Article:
The Rule of Law doesn’t simply mean a nation that is ruled by law, as the name implies. All nations have laws. North Korea has laws. Nazi Germany had laws. The Rule of Law means that the laws apply to everyone, equally. For example: No one may commit murder, no exceptions. No one may commit fraud, no exceptions. Everyone lives under the same law. There is not one law for some and another law for others. The Rule of Law is the guiding principle used by civilized nations to decide whether its laws are at least fair, if not just. Under the Rule of Law, one’s income, occupation, sex, race, national origin, languages spoken, or any other factors are totally irrelevant (with the exception of distinguishing between minors and adults). The law would be blind to your status or position.
We need intellectual leaders who are willing to work for an ideal, however small may be the prospects of its early realization. They must be men who are willing to stick to principles and to fight for their full realization, however remote.
—F. A. Hayek
But what happens, for example, when the law treats people differently when their income levels are different? Tax rates and total taxes assessed differ by income level; therefore, they treat citizens unequally. That violates the Rule of Law. Outside government, charging for goods and services by income level is exceptionally rare. Safeway doesn’t verify its customers’ incomes before determining what the price of groceries shall be; there aren’t different prices for different customers. Gasoline costs the same per gallon for everyone, whether they drive a Ford or a Ferrari. Everyone pays the same price, without discrimination. This same principle, if applied to taxes, would mean that all adults would pay the same amount to the State, regardless of income.
Agricultural subsidies are paid to farmers, but to no one else. In fact, non-farmers must pay subsidies to farmers. Thus, one’s occupation means that the law treats people differently. Some get State payments, and others do not. Adhering to The Rule of Law, however, would require that if one class of persons are paid subsidies, then all classes of persons must be paid subsidies.
Corporate subsidies follow the same pattern. Some corporations in some industries receive low-interest loans and direct subsidies from the Export-Import Bank. The Rule of Law, however, would require that such laws apply to everyone — or to no one. So, if business subsidies are handed out, then everyone would be entitled to the same subsidies and aid.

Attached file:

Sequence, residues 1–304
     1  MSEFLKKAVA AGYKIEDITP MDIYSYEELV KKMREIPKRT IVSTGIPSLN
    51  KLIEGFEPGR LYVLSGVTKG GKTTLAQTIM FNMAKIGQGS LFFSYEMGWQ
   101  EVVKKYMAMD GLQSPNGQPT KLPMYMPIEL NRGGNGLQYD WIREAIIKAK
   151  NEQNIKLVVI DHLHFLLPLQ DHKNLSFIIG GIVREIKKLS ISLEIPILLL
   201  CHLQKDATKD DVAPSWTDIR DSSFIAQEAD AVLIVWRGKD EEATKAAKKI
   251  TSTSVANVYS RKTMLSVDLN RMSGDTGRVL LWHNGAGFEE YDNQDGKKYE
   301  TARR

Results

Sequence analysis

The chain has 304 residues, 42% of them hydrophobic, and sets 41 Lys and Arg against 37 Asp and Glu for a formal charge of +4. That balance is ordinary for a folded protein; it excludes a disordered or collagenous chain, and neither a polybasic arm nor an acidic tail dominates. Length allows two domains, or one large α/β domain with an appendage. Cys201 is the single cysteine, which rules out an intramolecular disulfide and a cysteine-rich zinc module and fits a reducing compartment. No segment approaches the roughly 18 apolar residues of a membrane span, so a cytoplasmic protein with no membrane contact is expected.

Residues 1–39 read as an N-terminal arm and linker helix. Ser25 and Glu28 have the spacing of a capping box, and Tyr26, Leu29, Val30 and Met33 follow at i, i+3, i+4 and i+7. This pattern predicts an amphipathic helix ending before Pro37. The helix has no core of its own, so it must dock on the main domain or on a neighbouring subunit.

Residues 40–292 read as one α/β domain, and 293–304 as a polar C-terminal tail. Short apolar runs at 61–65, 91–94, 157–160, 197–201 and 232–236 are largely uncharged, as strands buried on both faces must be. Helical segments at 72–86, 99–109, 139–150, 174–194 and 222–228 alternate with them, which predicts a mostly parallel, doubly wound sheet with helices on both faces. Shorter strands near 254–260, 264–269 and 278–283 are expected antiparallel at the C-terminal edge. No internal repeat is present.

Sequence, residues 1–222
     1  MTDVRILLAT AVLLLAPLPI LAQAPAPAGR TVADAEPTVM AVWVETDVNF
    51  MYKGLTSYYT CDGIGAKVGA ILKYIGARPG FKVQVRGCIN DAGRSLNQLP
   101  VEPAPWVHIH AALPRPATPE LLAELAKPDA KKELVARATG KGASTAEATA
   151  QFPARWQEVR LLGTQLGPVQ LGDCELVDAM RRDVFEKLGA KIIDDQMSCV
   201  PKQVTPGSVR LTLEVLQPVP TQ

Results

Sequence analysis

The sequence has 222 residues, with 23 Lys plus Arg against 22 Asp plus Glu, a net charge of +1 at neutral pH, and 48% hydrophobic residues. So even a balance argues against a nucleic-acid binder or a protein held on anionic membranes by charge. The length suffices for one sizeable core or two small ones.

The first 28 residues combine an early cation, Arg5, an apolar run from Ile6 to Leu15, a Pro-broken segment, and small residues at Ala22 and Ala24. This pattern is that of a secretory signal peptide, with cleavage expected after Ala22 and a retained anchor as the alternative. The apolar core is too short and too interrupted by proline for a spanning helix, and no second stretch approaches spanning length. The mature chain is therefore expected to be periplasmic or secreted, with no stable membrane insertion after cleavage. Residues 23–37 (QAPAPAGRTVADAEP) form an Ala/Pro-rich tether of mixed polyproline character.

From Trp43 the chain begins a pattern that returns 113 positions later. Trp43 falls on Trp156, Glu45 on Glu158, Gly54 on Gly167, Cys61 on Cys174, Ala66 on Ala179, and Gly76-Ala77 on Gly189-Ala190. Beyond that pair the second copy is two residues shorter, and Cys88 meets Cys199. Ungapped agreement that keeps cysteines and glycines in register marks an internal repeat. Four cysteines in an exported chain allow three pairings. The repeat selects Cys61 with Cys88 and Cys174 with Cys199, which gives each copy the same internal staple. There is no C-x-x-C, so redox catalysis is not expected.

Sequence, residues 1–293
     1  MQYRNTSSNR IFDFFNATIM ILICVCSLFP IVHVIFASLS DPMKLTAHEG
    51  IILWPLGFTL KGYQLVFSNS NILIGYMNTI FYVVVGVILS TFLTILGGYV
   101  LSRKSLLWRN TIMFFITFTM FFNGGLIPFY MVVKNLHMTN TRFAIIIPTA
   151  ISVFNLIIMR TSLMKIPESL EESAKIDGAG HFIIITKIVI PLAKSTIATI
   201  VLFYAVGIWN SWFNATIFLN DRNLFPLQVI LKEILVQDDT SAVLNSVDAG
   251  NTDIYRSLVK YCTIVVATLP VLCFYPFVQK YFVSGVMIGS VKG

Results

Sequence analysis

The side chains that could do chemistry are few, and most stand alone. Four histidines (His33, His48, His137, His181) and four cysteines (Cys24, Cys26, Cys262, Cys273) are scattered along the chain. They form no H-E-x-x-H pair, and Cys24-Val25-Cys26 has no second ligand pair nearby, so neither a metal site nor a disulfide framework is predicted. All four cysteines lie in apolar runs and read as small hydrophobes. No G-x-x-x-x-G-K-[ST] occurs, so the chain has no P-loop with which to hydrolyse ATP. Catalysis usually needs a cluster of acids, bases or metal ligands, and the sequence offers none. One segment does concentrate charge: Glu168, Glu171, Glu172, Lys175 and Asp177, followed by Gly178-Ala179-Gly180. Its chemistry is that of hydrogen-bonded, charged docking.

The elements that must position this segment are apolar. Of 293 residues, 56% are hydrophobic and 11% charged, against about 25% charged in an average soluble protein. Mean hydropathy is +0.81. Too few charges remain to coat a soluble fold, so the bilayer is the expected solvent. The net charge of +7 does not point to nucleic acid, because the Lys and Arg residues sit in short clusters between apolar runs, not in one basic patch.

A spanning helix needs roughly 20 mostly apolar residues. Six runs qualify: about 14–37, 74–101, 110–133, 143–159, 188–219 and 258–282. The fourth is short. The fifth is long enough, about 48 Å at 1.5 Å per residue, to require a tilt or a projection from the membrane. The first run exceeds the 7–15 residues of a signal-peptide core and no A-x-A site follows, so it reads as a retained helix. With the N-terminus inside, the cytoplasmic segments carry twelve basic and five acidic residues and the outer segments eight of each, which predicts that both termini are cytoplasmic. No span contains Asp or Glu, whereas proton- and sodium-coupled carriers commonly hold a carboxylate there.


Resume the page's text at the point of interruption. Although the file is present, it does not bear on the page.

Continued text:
From just these few examples, it can be seen how far the country has strayed from the Rule of Law. There is much jockeying among various constituencies for the keys to power, so that the winning party’s supporters and members can receive special favors, subsidies, aid, and preferences — in short, unequal treatment violating the Rule of Law. If one of the guiding principles of a civilized society is that all laws must apply equally to everyone, that all people are equal before the law, then the breakdown of the Rule of Law has sinister consequences.
We can take the same principle into other areas of law, as well. If I cannot commit murder, then neither can the president. If I cannot legally spy on others — tapping computers, sending surveillance drones buzzing around, examining anyone’s bank records, listening in on telephone conversations — then neither can State officials, except by law in accordance with the Constitution. If I commit crimes and face arrest for what I’ve done, then so must State officials bear consequences when they commit crimes.
It’s easy to see that a society governed by the Rule of Law is necessarily a society with limited government. Having everyone trying to live at everyone else’s expense, as the great Frederic Bastiat put it, wouldn’t even be possible, as it logically relies on granting State favors and special aid to some and not all. Limited government, and not expansive government, would be what we’d be living under if the Constitution, the Supreme Law of the Land, were obeyed. The State would be small enough that no income tax would be necessary. Most people would have no significant dealings at all with the federal government in any form.
It’s simple to determine if a given law follows the Rule of Law. Does it apply to everyone, or just some? Does everyone bear the burden and reap the rewards, whatever they may be, or do one class of people bear the burden for others to profit?